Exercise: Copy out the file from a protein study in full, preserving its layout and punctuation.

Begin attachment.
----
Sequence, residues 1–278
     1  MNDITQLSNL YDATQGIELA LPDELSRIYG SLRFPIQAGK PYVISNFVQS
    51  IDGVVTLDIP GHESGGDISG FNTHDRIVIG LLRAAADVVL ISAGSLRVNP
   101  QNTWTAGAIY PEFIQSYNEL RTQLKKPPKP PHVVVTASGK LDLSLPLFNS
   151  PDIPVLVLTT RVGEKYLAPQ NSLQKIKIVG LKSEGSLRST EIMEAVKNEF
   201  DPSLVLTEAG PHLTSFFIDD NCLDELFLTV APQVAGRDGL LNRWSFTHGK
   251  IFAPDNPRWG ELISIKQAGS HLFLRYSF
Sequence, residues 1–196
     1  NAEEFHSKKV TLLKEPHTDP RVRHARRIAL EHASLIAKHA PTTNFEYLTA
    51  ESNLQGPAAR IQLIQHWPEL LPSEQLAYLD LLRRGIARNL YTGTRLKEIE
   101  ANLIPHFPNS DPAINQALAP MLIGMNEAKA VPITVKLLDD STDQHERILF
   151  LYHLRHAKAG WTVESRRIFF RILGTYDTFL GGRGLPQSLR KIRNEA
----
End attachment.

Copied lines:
Sequence, residues 1–278
     1  MNDITQLSNL YDATQGIELA LPDELSRIYG SLRFPIQAGK PYVISNFVQS
    51  IDGVVTLDIP GHESGGDISG FNTHDRIVIG LLRAAADVVL ISAGSLRVNP
   101  QNTWTAGAIY PEFIQSYNEL RTQLKKPPKP PHVVVTASGK LDLSLPLFNS
   151  PDIPVLVLTT RVGEKYLAPQ NSLQKIKIVG LKSEGSLRST EIMEAVKNEF
   201  DPSLVLTEAG PHLTSFFIDD NCLDELFLTV APQVAGRDGL LNRWSFTHGK
   251  IFAPDNPRWG ELISIKQAGS HLFLRYSF
Sequence, residues 1–196
     1  NAEEFHSKKV TLLKEPHTDP RVRHARRIAL EHASLIAKHA PTTNFEYLTA
    51  ESNLQGPAAR IQLIQHWPEL LPSEQLAYLD LLRRGIARNL YTGTRLKEIE
   101  ANLIPHFPNS DPAINQALAP MLIGMNEAKA VPITVKLLDD STDQHERILF
   151  LYHLRHAKAG WTVESRRIFF RILGTYDTFL GGRGLPQSLR KIRNEA